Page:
“In those days there was no king in Israel; every man did what was right in his own eyes.” So reads the last line in the biblical Book of Judges, summing up cascading tragedies before the tribes of Israel realized they needed a government.

The words sliced into my thoughts on Friday morning in Jerusalem, as I tried to absorb news reports from Mount Meron in the Galilee. At the annual spring pilgrimage to the grave of ancient sage Rabbi Shimon bar Yochai, a crowd of ultra-Orthodox men and boys had tried to leave via a narrow passage and slippery stairs — and turned into a human avalanche. At least 45 people were crushed to death. Fathers were desperately searching for sons, brothers for brothers. “I came to evacuate a boy without a pulse,” a volunteer told an interviewer. “Just then [the boy’s] phone rang, and ‘Mom’ lit up on the screen.”

That very morning, reports began emerging of all the warnings beforehand of a likely disaster at this place and event.

To think of there being “no king in Israel” today is counterintuitive. We have a long-reigning leader who, while officially the prime minister, sees himself as Benjamin I of the House of Netanyahu. He has a residence in the capital and a second palatial home, appropriately, in the town of Caesarea. He regards prosecuting him for corruption as seditious and makes state ceremonies into celebrations of himself.

Netanyahu has come to resemble a medieval king whose rule over outlying provinces is fading. Staying in power and out of jail are his main concerns; keeping the state functioning is not. His most recent government fell because he would not pass a state budget. His ministers are chosen not for competence but lapdog loyalty.

Occasionally, he makes forays into governing, as when he reached the deal for Israel’s vaccine supply. The blaring of the king’s trumpets distracts attention from the wider decay of the state.

An incident last week is illustrative. On Tuesday, the cabinet was supposed to impose new quarantine rules on travelers from pandemic-engulfed India. But Israel’s Supreme Court had ordered the cabinet to appoint a justice minister, a post that Netanyahu, who himself faces criminal charges, had avoided filling. In the chaotic cabinet meeting, Netanyahu ignored legal advice and pushed through the appointment of a lackey from his Likud Party. Afterward, facing defeat in court, he reversed course and gave the post to Benny Gantz, his estranged centrist coalition partner.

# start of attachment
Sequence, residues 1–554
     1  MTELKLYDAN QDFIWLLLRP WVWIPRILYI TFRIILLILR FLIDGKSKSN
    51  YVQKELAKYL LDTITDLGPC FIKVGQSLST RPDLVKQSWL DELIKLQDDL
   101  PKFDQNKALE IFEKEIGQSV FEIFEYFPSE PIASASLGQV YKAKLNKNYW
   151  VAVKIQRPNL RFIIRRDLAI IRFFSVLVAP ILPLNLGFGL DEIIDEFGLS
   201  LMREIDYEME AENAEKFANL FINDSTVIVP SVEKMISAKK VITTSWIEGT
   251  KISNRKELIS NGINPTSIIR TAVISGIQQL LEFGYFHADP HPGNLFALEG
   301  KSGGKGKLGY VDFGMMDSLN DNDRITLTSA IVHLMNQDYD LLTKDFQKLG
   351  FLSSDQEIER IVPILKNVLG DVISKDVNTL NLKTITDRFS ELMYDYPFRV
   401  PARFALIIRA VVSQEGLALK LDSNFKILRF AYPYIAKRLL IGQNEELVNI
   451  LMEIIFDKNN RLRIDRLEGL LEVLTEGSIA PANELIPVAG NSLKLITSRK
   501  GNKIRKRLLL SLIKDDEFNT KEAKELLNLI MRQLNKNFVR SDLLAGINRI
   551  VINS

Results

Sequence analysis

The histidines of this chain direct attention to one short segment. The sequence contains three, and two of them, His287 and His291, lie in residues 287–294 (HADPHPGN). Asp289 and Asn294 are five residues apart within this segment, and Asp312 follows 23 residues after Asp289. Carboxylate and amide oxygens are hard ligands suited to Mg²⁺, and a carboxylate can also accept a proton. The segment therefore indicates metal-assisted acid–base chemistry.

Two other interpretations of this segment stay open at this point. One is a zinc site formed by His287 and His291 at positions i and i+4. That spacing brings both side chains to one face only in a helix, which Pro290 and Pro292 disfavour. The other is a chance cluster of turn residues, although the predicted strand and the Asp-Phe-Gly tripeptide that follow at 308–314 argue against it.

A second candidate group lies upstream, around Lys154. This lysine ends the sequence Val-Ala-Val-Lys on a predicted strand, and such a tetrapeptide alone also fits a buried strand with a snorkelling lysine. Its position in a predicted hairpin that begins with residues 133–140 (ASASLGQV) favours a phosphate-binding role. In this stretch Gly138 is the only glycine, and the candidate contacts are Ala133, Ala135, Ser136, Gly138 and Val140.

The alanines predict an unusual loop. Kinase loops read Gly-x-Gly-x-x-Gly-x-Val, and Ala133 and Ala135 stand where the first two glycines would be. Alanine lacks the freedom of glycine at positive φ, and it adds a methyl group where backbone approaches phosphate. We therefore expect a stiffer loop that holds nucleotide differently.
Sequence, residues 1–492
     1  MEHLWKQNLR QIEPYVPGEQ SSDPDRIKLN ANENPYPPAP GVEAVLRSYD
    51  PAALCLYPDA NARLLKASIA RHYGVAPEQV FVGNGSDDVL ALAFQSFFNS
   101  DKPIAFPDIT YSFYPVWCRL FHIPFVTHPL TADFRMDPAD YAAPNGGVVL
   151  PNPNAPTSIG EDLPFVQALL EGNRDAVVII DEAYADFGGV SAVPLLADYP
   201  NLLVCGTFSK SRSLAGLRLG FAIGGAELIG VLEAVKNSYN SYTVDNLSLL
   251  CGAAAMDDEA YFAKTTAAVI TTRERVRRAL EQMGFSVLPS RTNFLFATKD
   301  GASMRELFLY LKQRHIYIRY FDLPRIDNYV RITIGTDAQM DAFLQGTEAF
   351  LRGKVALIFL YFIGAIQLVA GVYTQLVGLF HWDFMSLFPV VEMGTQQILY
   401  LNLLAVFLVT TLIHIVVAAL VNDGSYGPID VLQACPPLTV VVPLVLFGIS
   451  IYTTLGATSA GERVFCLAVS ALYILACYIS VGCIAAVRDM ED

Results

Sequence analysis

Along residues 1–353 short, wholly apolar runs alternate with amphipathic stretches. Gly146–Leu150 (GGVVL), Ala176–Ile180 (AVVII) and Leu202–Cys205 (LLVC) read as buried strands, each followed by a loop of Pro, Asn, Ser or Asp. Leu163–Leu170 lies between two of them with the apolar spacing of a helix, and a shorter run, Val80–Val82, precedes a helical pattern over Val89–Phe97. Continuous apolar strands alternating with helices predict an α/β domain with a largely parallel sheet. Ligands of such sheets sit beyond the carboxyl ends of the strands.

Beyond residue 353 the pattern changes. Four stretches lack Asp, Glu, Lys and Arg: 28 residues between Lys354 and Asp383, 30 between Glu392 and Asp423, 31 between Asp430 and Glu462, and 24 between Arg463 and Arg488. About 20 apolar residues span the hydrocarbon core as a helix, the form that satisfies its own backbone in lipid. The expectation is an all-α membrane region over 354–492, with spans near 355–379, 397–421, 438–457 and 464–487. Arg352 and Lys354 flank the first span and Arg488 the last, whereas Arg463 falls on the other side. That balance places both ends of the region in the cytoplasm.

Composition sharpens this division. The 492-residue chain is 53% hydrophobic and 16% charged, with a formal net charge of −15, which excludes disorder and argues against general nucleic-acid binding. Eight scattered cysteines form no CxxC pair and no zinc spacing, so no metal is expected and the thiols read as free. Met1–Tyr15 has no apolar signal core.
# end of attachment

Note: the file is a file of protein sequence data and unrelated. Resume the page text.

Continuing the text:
And the quarantine rules did not come up for a vote.

Netanyahu’s retreat from governing is most blatant in his relation to the haredi, or ultra-Orthodox, community. For decades, governments, especially of the right, have allowed the self-segregating minority to exist in an autonomous bubble, largely exempt from the draft and from secular educational requirements.

Yet Netanyahu has taken the transactional partnership between the right and the ultra-Orthodox to an extreme. The two haredi parties show total loyalty to him as coalition partners. They count on him to stop legislation they oppose and to protect fiefdoms within state bureaucracy that provide them with jobs.

During the pandemic, police often ignored or responded weakly to blatant violations of lockdowns and health rules among the ultra-Orthodox: schools that stayed open when others shut, large weddings and funerals that took place when mass gatherings were banned. The price was quicker spread of the virus and more deaths.

No one was surprised, therefore, when Netanyahu overruled a Health Ministry recommendation to limit the pilgrimage to Mount Meron to 15,000 this year. Ministry experts worried about a new outbreak of the coronavirus. Netanyahu, desperately trying to put together a new coalition, worried about fissures in haredi support.

On Thursday night, an estimated 100,000 people reportedly packed into the holy site. Whether or not this spread the virus, another disaster struck first, as people leaving one courtyard stampeded and were crushed.

In the aftermath, journalists have dug up the government comptroller’s report from December 2008 — just before Netanyahu returned to power — that pointed to crowding dangers at the holy site. After that came the comptroller’s follow-up report in 2011, and the senior police commander’s warning five years ago. This year, police officers reportedly discussed the dangers but approved the pilgrimage. In a diagram of responsibility, the lines lead to a prime minister more interested in preserving his rule than protecting the public. The buck stops there.

All this takes place while Netanyahu and his parliamentary opponents compete to form a new government. If the opponents succeed, they’ll have a coalition stretching from right to left, most likely incapable of grand policy changes. What Israelis can desperately hope for is that a new government will want to govern, that it will value competence, that it will care about citizens’ safety. This is not much to hope for, and yet a great deal.

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